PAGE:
An increase in families skiing, women skiers and the use of technology on the slopes has prompted mountain resorts to breathe fresh air into snow sports lessons and slope-side activities.
Mammoth Mountain, Eastern Sierras (10001 Minaret Road; 800-626-6684; www.mammothmountain.com; App: Mammoth Mountain)
Heard the big news? The Mammoth Mountain Ski Area – owner of Mammoth Mountain and June Mountain – recently acquired Big Bear Mountain Resorts (Bear Mountain and Snow Summit). They’ve created a new Cali4nia Pass valid at all four mountains, but no other changes are taking place yet.
With more families visiting the past two years, Mammoth stepped up its ski and snowboard lessons and snow play activities. The Unbound Terrain Park Playground has instructional signs for newbies and lessons limited to four or fewer skiers and snowboarders (grouped by ability). Wooley’s Tube Park has groomed lanes and a separate area with surf sledding for ages 12 and younger. The Kids Stay & Ski Free deal (12 and younger) is valid at any Mammoth Lodging Collection Property from Feb. 22-March 15. Book by Dec. 20.
June Mountain (3819 Hwy. 158; 800-586-3686; www.junemountain.com)
This picturesque ski area with awesome lake views might not have the bells and whistles of Mammoth Mountain, but kids ages 12 and younger ski or ride free there all season with no blackout dates. The resort is ideal for young families and people who prefer a more intimate ski experience.
Big Bear Mountain Resorts (880 Summit Blvd.; 909-866-5766; www.bigbearmountainresorts.com; Apps: Snow Summit Mtn. and Bear Mtn.)
Kids ages 6 and younger ski/ride free at both Snow Summit and Bear Mountain. Generally skiers gravitate toward family-friendly Snow Summit (check out the Family Park) and snowboarders to hip Bear Mountain’s terrain parks. Lessons for all ages are available. To rent a cabin or house, visit www.bigbearvacations.com.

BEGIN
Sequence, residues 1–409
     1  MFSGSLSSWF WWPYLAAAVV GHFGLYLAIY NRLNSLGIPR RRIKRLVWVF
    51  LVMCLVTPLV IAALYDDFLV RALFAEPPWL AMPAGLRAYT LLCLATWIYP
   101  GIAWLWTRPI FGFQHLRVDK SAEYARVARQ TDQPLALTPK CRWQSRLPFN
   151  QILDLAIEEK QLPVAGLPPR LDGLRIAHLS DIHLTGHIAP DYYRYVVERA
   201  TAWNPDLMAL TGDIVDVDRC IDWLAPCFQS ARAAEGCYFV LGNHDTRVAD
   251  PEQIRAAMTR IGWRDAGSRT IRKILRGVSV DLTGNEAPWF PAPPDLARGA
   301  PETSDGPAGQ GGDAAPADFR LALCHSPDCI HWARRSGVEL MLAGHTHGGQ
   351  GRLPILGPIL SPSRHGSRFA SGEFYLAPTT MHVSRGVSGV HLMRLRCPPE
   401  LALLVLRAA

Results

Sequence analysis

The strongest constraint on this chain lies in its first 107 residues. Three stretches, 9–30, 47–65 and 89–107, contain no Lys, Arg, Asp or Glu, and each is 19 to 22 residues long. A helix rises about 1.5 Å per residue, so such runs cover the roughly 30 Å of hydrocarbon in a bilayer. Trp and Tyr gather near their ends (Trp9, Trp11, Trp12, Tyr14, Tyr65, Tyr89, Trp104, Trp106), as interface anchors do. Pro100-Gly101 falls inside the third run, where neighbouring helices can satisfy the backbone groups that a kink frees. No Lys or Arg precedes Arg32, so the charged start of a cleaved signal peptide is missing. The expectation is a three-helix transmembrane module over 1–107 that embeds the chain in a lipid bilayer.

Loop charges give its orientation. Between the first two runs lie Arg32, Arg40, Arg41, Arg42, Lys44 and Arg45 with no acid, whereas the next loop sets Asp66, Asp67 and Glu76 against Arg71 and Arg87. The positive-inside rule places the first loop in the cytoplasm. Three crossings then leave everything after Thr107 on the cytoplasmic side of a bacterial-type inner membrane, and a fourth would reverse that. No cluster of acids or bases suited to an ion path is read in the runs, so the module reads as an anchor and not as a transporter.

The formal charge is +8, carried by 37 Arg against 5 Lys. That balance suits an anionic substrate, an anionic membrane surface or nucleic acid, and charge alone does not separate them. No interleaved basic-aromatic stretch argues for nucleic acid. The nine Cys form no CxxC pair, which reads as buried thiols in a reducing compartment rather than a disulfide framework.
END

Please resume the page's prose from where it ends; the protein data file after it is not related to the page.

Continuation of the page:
Snow Valley (35100 California 18, Running Springs; 909-867-2751; www.snow-valley.com)
For a quick trip to the slopes, head to Snow Valley, situated at a lower elevation than Big Bear. Although it usually gets less snow and has fewer trails, it’s ideal for beginners and young families. Short lift lines are another bonus. Kids ages 6 and under ski free with a paying adult. Save with the Family Fun Pack, which includes four lift tickets (two adults, two kids ages 7-12) for $115.
Mountain High, Wrightwood (24510 California 2; 888-754-7878; www.mthigh.com; App: Mountain High)
This resort attracts mostly snowboarders, but its close proximity to L.A. makes it a fun place to ski with kids, too. The Children’s Academy gets ages 4-9 up on skis and snowboards (from $79 per half-day, rentals and lunch included). Kids ages 6 and under ski free. SoCal fifth graders (from San Diego to Santa Barbara and extending to Las Vegas) get a free ski pass.
Northstar California Resort, Tahoe (5001 Northstar Drive, Truckee; 800-466-6784; www.northstarcalifornia.com)
A part of Vail Resorts, this laid-back luxury resort features a self-contained village complete with lodging, restaurants, shops, a movie theater and skating arena. The Ultimate 4 Lessons, for kids and adults, limit the number of students per group to four so you get lots of one-on-one time with your instructor. Private and group lessons are also available. Vail Resorts surveyed visitors and found that women would like customized lessons and more time with their children, and so is offering new programs through the Women in Skiing initiative this winter. In the Women’s Ultimate 4 lesson offered on Mondays, female skiers and riders learn or brush up on skills with a female coach. Mommy and Me lessons (offered at select Vail Resorts) enable an instructor to spend time with a mom and child, and provide tips for developing the child’s skills. Family Après Snow Play includes interactive snow sculptures, sleds, music, s’mores, bungee trampoline, skating and featured wine selections for Mom and Dad. Sign up for EpicMix, a free online and mobile application, to share photos and skills you’ve learned in ski school, and track where you’ve skied.